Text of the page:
Review: What I Saw and How I Lied

What I Saw and How I Lied – Judy Blundell

I don’t generally pick up historical fiction for children or young adults because I don’t read books to be taught something and it’s harder to write for a younger audience without trying to explain things and put them in context.  Having won the National Book Award wouldn’t except this book from that danger, but the idea behind it made it seem like I wouldn’t be reading an edifying story of America after the war.

The book starts out in New York in the heady, go-go period immediately following the end of World War II.  Evie lives in Queens with her beautiful mother (a femme-fatale blond), her loving step-father (a neighborhood bigwig) and his prying mother.  At 15, after years of hardship and barely scraping by, her biggest problem is her inability to “fill out a sweater.”  When her stepfather, Joe, dashes them off to Florida for an impromptu vacation she doesn’t even stop to consider how strangely he’s behaving.  Palm Springs is a ghost town at the tail end of summer.  As they become friendly with a few other vacationers who bring with them an air of glamorous malice that Evie senses, it isn’t enough to stop her from getting carried away by it all.  She also doesn’t see how her mother has been holding her back and how scared she is to see her daughter on the brink of womanhood.  As Evie begins to blossom under the attentions of a former soldier she meets who has shady ties to her step-father, she also slowly pieces together what everyone has been hiding from her.

I really enjoyed this book but I think if it had been written as an adult book, I would have loved it.  It was written as a flashback, but from not very far into the future.  Evie has perspective about what happened, but she’s still a girl and not very far past the action.  As things unfold, the reader senses where it’s going before Evie does and can see her naivete and enthusiasm interfering with her understanding.  It’s very skillfully done and didn’t make me want to shout at her “the killer’s behind the door you silly girl!” especially since in effect, she was the one telling me the story.  But I still would have liked the story better with the consideration and lack of immediacy that stories about teenagers written for an adult audience have.  As a bildungsroman, if it had been written with more than just a few months of hard-fought perspective, it would have had more impact.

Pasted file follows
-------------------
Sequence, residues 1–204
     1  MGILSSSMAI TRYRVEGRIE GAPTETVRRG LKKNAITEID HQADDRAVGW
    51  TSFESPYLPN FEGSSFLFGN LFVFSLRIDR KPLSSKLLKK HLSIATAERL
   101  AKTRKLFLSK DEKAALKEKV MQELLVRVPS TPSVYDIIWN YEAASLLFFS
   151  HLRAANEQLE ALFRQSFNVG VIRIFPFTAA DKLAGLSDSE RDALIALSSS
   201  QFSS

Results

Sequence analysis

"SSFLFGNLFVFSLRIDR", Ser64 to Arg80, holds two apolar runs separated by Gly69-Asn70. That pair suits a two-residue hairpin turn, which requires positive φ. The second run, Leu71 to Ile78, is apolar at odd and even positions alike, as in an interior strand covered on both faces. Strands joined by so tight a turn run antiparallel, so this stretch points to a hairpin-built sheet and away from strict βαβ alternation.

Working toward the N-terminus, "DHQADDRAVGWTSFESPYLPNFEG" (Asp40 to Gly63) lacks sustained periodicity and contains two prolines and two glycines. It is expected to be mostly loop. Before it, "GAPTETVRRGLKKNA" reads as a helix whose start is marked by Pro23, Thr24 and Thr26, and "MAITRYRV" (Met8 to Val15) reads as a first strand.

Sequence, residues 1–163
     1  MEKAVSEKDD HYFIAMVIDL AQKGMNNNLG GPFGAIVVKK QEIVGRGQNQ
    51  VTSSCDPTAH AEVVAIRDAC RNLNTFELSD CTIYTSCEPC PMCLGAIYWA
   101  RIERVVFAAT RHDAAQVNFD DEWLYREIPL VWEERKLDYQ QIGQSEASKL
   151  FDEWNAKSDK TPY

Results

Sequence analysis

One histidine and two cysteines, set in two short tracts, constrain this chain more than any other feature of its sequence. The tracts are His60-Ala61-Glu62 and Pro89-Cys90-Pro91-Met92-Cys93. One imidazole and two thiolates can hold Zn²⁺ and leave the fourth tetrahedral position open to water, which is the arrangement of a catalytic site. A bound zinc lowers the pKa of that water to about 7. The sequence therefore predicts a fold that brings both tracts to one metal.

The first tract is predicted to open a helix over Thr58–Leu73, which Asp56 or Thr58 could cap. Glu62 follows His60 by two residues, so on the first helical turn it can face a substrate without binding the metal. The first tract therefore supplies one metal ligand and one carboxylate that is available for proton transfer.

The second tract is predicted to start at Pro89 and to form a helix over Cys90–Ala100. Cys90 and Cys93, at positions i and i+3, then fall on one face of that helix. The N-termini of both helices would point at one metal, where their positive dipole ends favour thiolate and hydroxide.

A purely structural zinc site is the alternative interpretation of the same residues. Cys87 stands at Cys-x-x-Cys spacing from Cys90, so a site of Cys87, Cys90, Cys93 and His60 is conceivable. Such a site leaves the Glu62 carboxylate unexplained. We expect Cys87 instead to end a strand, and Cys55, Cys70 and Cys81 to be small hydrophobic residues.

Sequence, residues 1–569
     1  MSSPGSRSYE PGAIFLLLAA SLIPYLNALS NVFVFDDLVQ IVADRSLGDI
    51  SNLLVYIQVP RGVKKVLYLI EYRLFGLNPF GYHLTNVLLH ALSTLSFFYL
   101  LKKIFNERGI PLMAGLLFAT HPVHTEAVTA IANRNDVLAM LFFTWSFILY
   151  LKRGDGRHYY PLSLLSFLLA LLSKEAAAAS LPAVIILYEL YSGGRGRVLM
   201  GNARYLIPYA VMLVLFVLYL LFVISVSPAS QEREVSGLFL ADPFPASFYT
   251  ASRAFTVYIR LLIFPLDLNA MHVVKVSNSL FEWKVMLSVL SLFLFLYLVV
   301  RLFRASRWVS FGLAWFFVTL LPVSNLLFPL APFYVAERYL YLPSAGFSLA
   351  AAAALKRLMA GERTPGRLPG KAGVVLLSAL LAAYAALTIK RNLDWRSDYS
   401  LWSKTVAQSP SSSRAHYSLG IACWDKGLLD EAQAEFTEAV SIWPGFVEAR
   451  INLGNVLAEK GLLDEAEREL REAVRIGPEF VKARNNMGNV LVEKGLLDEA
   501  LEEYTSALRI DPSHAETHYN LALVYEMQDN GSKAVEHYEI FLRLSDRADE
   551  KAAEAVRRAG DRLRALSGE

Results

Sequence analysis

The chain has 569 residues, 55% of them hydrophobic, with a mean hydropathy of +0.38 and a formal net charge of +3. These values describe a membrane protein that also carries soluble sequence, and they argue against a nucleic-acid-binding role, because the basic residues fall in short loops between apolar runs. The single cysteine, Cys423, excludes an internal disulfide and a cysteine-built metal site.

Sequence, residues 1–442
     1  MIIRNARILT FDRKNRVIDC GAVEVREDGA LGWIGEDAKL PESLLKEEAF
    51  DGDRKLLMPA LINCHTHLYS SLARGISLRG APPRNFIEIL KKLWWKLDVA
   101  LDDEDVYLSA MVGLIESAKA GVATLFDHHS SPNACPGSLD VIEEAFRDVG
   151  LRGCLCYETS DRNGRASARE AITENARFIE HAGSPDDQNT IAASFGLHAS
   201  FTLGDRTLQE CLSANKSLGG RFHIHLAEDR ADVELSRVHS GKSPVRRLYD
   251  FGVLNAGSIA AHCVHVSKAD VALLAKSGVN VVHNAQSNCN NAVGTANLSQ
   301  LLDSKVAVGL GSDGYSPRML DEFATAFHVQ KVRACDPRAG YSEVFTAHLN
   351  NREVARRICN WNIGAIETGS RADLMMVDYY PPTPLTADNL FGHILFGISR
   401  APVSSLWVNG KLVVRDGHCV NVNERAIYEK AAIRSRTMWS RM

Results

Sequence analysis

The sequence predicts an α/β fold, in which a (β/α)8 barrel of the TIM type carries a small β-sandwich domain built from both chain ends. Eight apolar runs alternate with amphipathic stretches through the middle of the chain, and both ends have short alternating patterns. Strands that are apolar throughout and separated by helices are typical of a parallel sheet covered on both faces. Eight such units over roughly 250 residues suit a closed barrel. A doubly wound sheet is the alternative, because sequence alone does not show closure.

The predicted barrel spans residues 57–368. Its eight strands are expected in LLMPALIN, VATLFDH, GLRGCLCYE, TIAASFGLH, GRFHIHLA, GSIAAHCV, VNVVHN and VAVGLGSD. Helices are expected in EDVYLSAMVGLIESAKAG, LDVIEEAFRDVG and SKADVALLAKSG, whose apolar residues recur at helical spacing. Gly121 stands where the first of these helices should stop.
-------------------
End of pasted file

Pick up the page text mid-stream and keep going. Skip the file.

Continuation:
I read this in an evening, which isn’t always the best way to give a book deep consideration, but I think there are a lot of things about it that will stick with me.  There is a palpable sense of malice and foreboding that doesn’t take away an understanding of Evie’s enjoyment of her adventure, but does cause you to wince at how slowly she’s realizing her part in a noir murder-mystery.


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